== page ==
Mt Rob Roy is located to the east of the suburb of Banks in south Canberra. It is located inside the Rob Roy nature reserve which has a code in the WWFF award scheme. Access to it is open, though some of the walking path goes through grazing property so walkers are expected to close gates they open and keep to the path.

Mt Coolum, VK4/SE-114, 1st December 2019

Visiting my daughter and family on the Sunshine Coast of Queensland, I had taken a basic set of SOTA activation gear with me in case an opportunity came up for an activation. While planning activities for Sunday 1st Dec I offered my grandson Jack (12) the option of climbing Mt Coolum with me and joining in a SOTA activation. He jumped at the chance and his mum was very happy to see him accompany me.

We drove up to Coolum having planned to start the activation at 2pm local time, 0400 UTC. Traffic was ok and Jack read out the navigation instructions from my Navmii app on the iphone as it was not delivering audio to the bluetooth connection.

There was a forecast for a storm to pass through the area and the radar showed a narrow band of rain and high wind. But when we parked at the foot of Mt Coolum there was no sign of bad weather north or east, though there was haze and cloud to the south.

So we decided to continue with the climb and checked the weather we could see as we went. The wind was very strong at times. At the top we found a fenced compound containing some comms gear. I wondered whether we would have much interference from the equipment there, but there was no alternative for mounting the light pole I had brought with me, a 6m thin fishing pole.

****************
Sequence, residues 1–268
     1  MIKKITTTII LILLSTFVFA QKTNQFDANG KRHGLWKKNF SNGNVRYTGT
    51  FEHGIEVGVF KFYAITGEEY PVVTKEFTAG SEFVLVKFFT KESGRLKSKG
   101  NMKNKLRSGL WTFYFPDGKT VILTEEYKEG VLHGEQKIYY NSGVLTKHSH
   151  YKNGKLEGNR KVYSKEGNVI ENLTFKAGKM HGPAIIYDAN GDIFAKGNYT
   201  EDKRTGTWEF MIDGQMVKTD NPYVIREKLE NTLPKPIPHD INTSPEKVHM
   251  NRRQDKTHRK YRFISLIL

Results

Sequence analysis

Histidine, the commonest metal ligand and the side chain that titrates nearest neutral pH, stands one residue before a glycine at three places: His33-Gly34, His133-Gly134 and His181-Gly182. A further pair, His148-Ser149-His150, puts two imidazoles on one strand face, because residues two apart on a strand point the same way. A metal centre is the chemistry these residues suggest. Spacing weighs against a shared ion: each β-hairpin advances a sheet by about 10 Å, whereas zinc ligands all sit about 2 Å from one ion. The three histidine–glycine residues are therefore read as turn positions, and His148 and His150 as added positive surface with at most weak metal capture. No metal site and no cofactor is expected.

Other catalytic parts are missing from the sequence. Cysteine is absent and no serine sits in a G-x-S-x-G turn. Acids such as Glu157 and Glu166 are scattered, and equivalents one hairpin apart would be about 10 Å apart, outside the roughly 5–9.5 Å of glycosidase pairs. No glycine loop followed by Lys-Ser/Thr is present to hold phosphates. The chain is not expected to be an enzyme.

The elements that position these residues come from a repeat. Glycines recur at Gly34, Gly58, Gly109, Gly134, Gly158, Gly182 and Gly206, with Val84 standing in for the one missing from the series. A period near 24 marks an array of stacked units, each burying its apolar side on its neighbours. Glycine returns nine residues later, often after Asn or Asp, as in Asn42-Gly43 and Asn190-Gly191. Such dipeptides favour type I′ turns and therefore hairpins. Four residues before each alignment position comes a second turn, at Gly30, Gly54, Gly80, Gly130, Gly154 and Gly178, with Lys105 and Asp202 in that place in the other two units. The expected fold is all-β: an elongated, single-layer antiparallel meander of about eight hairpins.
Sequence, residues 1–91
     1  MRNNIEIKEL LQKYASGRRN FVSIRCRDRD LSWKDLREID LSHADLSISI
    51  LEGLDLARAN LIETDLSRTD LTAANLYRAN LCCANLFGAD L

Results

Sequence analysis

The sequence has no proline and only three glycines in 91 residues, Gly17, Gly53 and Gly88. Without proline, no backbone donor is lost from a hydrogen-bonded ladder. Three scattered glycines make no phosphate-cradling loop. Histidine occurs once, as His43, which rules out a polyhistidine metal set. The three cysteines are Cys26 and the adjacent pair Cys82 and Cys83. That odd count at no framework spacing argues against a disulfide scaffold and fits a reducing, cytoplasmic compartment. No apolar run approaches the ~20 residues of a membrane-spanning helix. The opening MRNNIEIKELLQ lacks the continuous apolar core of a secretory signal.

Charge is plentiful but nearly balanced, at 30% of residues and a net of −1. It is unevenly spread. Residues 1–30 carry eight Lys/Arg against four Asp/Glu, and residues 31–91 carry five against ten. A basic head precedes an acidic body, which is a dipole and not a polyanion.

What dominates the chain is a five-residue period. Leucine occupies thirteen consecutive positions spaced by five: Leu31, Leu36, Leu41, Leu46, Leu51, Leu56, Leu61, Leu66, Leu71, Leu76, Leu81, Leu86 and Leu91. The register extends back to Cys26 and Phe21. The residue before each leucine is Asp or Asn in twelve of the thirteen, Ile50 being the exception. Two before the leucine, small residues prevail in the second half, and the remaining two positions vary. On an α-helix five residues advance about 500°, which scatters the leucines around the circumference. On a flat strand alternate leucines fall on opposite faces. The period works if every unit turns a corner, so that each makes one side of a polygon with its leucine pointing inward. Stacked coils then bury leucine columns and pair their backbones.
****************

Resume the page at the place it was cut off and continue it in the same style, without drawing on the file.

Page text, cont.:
We set up the antenna, a trap dipole for 20/30/40m, fed with RG178. The insulator at the feed point has a small hole that the top of the pole can fit into.

The FT817 radio was hearing a lot of static from storms in the area, and some signals from other amateurs on the 40m band. I decided to start on SSB this time, to give Jack a chance to hear what was being said on air. The first contact was with Gerard VK2IO who was portable in a nature reserve in NSW. After that contact my CQ calls were not answered and I decided I needed to move to CW and carry out some contacts in morse code.

Jack had done a bit of morse code for a school project so he knew what it was but didn’t understand the morse I sent or received. I explained the CQ, TNX, 73 and RST codes to him. It was too fast for him though.